New Depths: Taking the Plunge in Asia
Illustration for TIME by Wilson Tsang; animation by Dennis Wong
By GEOFF BURPEE
Shark hunters caught a 1.6-m, 29-kg coelacanth last July in the waters off the Indonesian island of Sulawesi. The news electrified marine biologists--it was thought that only 500 members of the prehistoric species still existed, mainly around the Comoros islands in the Indian Ocean--and it thrilled dive operators in Asia. New marine life is just the sort of bait that might draw more divers here.
Not that Asia is lacking in lures. The region boasts some of the most species-rich waters on earth, as well as uniform, 25-degree marine temperatures. But there's also trouble offshore: the combination of pollution, overdevelopment and an insatiable appetite for large and exotic reef fish in Hong Kong, Taiwan, Japan and China have pushed many species of fish and coral to the brink of extinction.
The growing (and lucrative) popularity of recreational diving has helped stem the damage. Many Asian countries have coastlines that are perfectly suited to gentle, entry-level diving. And there is no shortage of sites to challenge advanced divers. Sipadan, the marine park off Malaysian Borneo's east coast, attracts seasoned divers from all over the world--as do deep, clear, well-stocked seas in Indonesia, Micronesia and Thailand. Thanks to these marine riches, the past decade has seen a tidal wave of interest in diving, allowing well-traveled destinations like Thailand and the Philippines to parlay their coastal waters into an eco-tourism draw.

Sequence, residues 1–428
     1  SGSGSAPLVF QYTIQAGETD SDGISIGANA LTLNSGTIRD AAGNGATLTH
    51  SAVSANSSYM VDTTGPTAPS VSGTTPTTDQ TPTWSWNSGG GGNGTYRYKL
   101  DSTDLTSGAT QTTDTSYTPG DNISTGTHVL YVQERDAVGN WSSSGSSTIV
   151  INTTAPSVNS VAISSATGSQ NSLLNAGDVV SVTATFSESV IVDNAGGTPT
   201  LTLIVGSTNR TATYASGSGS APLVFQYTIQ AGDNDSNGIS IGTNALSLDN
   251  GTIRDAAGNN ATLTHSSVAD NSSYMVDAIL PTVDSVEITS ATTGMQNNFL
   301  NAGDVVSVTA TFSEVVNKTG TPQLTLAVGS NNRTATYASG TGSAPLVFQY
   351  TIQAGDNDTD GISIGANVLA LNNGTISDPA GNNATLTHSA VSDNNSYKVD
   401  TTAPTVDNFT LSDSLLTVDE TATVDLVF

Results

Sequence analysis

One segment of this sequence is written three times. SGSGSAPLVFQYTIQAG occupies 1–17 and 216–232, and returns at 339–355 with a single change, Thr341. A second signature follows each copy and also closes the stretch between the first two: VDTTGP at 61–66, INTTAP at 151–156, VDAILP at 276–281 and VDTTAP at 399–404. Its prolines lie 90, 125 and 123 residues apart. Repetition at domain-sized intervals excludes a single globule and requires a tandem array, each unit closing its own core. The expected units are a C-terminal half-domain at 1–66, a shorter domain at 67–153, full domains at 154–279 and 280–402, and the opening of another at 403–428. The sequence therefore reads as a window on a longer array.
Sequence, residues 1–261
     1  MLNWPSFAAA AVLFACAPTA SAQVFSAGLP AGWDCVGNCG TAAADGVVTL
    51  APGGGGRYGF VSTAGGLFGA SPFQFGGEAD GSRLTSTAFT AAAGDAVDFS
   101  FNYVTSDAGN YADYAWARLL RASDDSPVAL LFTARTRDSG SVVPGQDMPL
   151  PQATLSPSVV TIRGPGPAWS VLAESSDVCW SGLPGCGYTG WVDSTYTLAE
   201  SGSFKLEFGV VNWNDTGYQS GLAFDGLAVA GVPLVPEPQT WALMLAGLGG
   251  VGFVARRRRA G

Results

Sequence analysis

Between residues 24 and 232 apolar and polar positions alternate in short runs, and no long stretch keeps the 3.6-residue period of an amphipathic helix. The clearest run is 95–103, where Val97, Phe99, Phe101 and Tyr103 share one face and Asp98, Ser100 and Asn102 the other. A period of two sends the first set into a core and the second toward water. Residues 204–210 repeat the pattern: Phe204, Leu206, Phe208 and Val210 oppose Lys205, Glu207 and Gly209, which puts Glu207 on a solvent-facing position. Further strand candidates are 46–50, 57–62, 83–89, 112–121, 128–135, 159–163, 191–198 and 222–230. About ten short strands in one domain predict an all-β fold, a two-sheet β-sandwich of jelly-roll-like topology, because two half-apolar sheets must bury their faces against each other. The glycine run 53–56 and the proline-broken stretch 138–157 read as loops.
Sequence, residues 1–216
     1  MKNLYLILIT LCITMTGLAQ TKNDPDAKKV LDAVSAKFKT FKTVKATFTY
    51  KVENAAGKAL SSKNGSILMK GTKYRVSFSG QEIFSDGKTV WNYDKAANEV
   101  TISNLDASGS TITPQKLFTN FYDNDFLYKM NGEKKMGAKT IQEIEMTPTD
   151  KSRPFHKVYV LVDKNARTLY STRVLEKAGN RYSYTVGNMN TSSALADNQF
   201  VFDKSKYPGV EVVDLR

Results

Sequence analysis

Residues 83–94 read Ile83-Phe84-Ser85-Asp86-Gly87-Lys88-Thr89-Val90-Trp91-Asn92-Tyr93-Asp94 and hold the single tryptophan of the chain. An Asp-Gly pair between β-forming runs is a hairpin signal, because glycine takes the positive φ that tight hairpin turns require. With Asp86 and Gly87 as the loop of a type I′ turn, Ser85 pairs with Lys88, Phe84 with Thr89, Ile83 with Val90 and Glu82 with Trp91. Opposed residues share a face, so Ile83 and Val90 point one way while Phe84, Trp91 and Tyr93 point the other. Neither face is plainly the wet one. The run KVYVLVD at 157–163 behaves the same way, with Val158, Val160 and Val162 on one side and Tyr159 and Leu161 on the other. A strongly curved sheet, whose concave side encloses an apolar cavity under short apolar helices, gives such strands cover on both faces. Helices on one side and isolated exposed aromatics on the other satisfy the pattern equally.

If you haven't dived before, now is a great time to start. Dive shops, often stocked with the latest, high-tech gear, are popping up everywhere. With holiday divers budgeting more tightly these days, there are bargains aplenty. Still, seasoned divers (and common sense) suggest that cost shouldn't be your only factor in choosing a dive shop. Market-leader PADI (Professional Association of Diving Instructors) currently has about 6,000 affiliated dive centers, resorts and individual instructors in the Asia-Pacific region--combined, they trained 45,000 divers last year. Others, such as NAUI, BSAC, CMAS (or country-specific chapters, such as Indonesia's POSSI) also compete for diver dollars.
PADI's first tier of accomplishment, "open-water status", qualifies a diver to a maximum depth of 18 m in open water (that is, no caves, wrecks or overhead obstructions). An Open Water course can run as low as $120 and as high as $500, depending on the location of the dive center and the duration of the course. Divers may seek higher levels of expertise through specialty study in such areas as underwater navigation or photography. In addition to its standard certification, PADI bestows a five-star designation on dive operators that consistently "exceed industry standards." For more information, phone PADI's Asian headquarters in Singapore at 65-785-9896. The latest sweetener? Until April 19, enter PADI's "Dive-o-rama" contest to win a guest spot on Baywatch.
February 22, 1999
Off The Shelf
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A tidal wave of interest in diving has been a boon for destinations like Thailand and the Philippines